Thursday, February 12, 2009

On the Road

(Left-Momentary sunrise on Central Park West apartment building this morning).

(Right-Valentines Day window in shop on Fifth Avenue).

Walking through Central Park in New York in the morning on the way to the office I noticed something for the first time this week. I heard what first sounded like a church bell ringing but looked up and saw the Delacorte Clock, which I had never noticed before. This from the web:

One of the most beloved monuments in the parks of New York City, this musical clock hovers above the arcade between the Wildlife Center and the Children's Zoo. A gift of publisher and philanthropist George T. Delacorte (1894–1991), it was dedicated in 1965. Delacorte conceived of the clock as a modern version of belfries in churches and city halls dating back to the Middle Ages. Italian sculptor Andrea Spadini (1912–1983) crafted the whimsical bronze sculptures, which depict a penguin, kangaroo, bear, elephant, goat, and hippo parading with a variety of musical instruments as well as two monkeys with mallets that strike the bell. Each day between eight in the morning and six in the evening, the clock--now digitally programmed--plays one of thirty-two nursery rhyme tunes on the hour. On the half-hour, the mechanical performance is a bit shorter.

Just one of those great things that happen when you least expect them. And all of this just next to the sea lions who crane their necks to the sky (who knows why?) seeming to thrive in the windy morning while sprawled in what looks like the most uncomfortable positions on rocks totally oblivious to the fact that 49 people the night before in an airplane crash in Buffalo and those unknowing folks never again having a chance to experience things like this or a kiss from a loved one on Valentines Day or watching their children grow up or simply enjoying the breeze of an early spring morning. Maybe we all do just have a certain amount of time on earth and if so the worst part is that we don't know how long.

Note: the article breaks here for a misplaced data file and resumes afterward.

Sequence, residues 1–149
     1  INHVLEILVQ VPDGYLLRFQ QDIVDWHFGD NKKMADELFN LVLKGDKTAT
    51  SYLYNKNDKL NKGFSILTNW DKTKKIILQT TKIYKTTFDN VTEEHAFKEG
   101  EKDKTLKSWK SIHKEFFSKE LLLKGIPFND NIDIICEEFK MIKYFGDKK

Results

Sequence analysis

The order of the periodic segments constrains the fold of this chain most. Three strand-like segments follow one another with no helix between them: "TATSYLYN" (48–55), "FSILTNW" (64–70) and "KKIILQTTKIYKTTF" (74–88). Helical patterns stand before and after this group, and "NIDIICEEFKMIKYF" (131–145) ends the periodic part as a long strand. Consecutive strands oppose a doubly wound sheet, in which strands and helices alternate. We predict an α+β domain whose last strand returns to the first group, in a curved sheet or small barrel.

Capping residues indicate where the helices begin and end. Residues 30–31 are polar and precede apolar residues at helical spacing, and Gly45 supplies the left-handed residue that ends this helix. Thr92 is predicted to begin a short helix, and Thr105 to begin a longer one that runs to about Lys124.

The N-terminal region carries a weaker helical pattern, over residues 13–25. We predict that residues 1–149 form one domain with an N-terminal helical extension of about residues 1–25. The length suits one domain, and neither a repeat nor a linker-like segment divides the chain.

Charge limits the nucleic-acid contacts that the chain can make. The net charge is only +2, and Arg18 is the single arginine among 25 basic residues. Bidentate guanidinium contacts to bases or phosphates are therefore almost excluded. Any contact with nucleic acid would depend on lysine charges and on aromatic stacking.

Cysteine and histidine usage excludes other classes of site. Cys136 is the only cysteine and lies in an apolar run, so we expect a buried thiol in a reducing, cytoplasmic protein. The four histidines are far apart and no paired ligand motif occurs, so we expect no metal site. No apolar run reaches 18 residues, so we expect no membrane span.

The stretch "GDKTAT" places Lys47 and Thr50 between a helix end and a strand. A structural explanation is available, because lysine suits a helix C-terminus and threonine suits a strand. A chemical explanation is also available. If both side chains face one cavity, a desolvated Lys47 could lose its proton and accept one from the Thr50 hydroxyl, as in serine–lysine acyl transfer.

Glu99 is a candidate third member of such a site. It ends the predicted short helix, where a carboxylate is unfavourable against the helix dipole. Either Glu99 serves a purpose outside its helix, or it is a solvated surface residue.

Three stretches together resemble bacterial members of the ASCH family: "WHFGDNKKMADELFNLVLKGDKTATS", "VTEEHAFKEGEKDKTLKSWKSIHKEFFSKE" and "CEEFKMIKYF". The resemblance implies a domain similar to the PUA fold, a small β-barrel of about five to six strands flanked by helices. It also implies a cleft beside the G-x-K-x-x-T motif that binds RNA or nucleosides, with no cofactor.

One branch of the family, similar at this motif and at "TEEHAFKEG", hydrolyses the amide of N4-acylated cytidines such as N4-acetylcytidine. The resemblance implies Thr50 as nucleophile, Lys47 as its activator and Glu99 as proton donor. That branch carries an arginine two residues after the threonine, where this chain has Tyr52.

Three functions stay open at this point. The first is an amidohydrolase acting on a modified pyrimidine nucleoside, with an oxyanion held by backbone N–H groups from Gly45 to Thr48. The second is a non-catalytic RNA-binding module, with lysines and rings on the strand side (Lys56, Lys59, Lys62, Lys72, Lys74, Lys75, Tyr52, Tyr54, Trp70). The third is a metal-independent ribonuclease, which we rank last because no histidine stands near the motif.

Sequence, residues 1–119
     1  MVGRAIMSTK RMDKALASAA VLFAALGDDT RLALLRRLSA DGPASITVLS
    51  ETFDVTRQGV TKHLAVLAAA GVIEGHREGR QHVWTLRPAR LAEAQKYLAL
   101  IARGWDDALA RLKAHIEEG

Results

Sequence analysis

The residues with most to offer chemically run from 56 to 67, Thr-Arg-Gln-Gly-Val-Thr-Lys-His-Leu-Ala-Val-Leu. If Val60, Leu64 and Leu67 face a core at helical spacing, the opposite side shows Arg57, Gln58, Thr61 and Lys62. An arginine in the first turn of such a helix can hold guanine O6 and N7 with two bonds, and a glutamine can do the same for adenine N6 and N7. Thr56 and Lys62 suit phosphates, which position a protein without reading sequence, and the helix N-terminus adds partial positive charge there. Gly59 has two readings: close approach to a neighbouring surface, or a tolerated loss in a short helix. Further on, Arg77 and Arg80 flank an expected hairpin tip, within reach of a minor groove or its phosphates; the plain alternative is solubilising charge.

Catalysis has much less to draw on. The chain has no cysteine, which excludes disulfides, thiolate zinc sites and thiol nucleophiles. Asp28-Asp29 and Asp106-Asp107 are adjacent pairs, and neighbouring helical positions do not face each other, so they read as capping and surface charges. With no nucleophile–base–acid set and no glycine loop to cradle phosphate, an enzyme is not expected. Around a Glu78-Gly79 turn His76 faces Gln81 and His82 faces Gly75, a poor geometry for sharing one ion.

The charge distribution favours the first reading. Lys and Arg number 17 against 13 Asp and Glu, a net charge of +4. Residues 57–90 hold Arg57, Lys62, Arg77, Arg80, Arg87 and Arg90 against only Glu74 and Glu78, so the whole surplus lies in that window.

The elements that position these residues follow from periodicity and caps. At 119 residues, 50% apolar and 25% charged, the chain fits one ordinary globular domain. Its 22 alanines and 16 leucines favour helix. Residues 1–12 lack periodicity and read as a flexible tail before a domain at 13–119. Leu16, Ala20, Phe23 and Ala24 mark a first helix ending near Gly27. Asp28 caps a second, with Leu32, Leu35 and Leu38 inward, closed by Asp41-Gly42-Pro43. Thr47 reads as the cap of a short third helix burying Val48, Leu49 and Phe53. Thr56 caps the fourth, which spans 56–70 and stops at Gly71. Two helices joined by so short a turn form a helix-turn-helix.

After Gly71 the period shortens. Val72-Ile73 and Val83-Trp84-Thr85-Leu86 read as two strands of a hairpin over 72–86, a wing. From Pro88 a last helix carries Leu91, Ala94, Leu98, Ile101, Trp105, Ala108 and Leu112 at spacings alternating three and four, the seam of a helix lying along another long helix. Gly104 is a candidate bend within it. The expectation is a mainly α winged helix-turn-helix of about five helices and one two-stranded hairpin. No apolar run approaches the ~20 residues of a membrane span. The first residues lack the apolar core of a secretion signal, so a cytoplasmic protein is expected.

Here’s an excerpt from a column on Innovation and Marketing written by my friend Gunnar Branson. Gunnar has had his finger on the pulse of marketing, branding, innovation in the commercial/institutional real estate industry for many years. I met him when he was building GE Real Estate into a globally recognized brand. I think this is particularly poignant today:

There are many reasons for a recession to happen, but whenever an economy is in one, the rules for success change dramatically. Capital becomes scarce, raw materials unreliable, customers reluctant to buy. What was easy before suddenly becomes more complicated. Products that everyone had to have at any price before, suddenly lose their value. But as long as there are still people living their lives, there are ways to create something they need, want and will pay for - it just might be a little different than it was before. Companies that perceive and understand the new rules in a recession are able to innovate and thrive, while those that continue as they did before risk losing everything. Most people's natural inclination is to continue doing what they did before - even when it doesn't work as well as it used to. Innovators change what they are doing, how they are doing it and even why they are doing it in order to succeed in a new environment. Strangely then, the most dangerous strategy is to avoid innovation during a downturn. It's times like these that the imperative for every company, every leader, every manager must be to challenge all assumptions based on a rising market. Every process, every service, every product must be looked at from a fresh perspective - and changed to fit the new reality of a down market.

I was speaking with someone early in the week who explained to me the difference between being laid off, or made redundant and being fired that I guess I didn't give much thought to when I wrote to you last week. It seems like the difference is that when you're fired it means that you were let go for cause so I guess what we're seeing so much of is not firings but layoffs. Either way too many people, in all walks of life, are losing jobs and in some cases, based on their expertise, i.e. a lawyer, can't find other work. And although people have generally not felt sorry for lawyers, this is far from over.